Burkina Faso photographer Sory Sanlé (born 1943) started his career in 1960, the year his country (then named République de Haute-Volta) gained independence from France.
Sanlé opened his Volta Photo portrait studio in 1965 and, working with his Rolleiflex twin-lens, medium-format camera, Volta Photo was soon recognized as the finest studio in the city. Voltaic photography’s unsung golden age is fully embodied by Sory Sanlé: his black-and-white images magnify this era and display a unique cultural energy and social impact.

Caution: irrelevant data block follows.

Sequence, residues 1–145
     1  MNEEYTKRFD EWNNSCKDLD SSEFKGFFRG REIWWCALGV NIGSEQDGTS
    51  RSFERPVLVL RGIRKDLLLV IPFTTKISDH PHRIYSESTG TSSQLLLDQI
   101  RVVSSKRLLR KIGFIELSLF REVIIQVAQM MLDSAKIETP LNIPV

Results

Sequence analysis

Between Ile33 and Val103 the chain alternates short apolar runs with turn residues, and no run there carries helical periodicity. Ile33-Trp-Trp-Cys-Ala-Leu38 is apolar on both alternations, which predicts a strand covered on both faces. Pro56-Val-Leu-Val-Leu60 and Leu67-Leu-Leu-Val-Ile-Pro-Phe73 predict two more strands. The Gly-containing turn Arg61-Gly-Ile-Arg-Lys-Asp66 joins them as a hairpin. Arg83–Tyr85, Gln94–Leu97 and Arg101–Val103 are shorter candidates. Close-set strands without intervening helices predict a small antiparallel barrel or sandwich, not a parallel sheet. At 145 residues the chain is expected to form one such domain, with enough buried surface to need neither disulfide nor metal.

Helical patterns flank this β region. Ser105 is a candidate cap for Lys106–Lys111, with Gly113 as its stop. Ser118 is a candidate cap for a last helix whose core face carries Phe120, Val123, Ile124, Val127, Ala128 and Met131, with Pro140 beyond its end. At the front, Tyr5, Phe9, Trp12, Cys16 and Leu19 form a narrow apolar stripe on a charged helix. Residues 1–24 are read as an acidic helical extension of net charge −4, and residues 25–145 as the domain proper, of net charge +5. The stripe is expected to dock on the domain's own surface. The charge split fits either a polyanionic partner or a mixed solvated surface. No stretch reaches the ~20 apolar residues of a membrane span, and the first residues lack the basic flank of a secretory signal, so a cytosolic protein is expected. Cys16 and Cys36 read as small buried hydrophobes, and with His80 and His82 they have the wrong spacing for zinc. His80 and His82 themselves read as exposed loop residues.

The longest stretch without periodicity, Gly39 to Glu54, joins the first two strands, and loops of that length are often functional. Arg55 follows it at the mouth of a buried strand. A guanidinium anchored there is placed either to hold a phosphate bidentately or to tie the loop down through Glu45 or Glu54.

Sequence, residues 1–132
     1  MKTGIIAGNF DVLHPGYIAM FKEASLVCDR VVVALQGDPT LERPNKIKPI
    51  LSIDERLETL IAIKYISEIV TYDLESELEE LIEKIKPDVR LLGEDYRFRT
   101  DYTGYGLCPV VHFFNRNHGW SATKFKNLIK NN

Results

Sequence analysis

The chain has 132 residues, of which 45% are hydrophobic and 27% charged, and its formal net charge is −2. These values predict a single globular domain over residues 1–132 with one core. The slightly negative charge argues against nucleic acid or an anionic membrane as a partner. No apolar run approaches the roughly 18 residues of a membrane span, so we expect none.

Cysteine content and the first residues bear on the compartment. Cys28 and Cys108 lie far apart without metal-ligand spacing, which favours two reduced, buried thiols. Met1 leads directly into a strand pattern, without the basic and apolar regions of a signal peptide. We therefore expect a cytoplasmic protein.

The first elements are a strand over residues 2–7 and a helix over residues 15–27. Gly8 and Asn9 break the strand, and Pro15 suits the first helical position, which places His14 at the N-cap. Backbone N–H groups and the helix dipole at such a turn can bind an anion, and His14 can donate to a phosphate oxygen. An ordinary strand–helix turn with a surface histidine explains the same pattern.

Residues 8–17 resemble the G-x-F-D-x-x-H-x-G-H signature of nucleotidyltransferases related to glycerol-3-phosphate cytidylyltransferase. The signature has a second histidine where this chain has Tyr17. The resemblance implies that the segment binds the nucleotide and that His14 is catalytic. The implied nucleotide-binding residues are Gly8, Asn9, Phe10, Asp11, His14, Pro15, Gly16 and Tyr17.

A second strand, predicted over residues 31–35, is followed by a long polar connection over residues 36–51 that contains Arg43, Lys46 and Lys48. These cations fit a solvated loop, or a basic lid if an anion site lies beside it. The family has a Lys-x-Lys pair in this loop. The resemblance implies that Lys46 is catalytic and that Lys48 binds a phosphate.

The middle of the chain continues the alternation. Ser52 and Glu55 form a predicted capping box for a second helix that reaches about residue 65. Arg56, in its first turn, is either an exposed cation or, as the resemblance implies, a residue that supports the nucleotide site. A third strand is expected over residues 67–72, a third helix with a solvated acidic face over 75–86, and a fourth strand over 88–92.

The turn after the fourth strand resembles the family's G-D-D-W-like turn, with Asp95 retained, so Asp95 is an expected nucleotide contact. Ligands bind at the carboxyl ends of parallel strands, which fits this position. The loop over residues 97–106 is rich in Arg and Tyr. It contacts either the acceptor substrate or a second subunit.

This is the first monograph on Sanlé’s work, which examines the natural fusion between tradition and modernity. Sanlé documented the fast evolution of Bobo-Dioulasso, then Burkina Faso’s cultural and economic capital, portraying the city’s inhabitants with wit, energy and passion. His work conveys a youthful exuberance in the wake of the first decades of African independence. In many ways, Sanlé’s subjects also illustrate the remoteness and melancholy of African cities landlocked deep in the heart of the continent.
“Mr. Sanlé’s work documenting the cultural scene is reminiscent of that by Malick Sidibé and Seydou Keita ... and now it is his turn to be lionized.” –The New York Times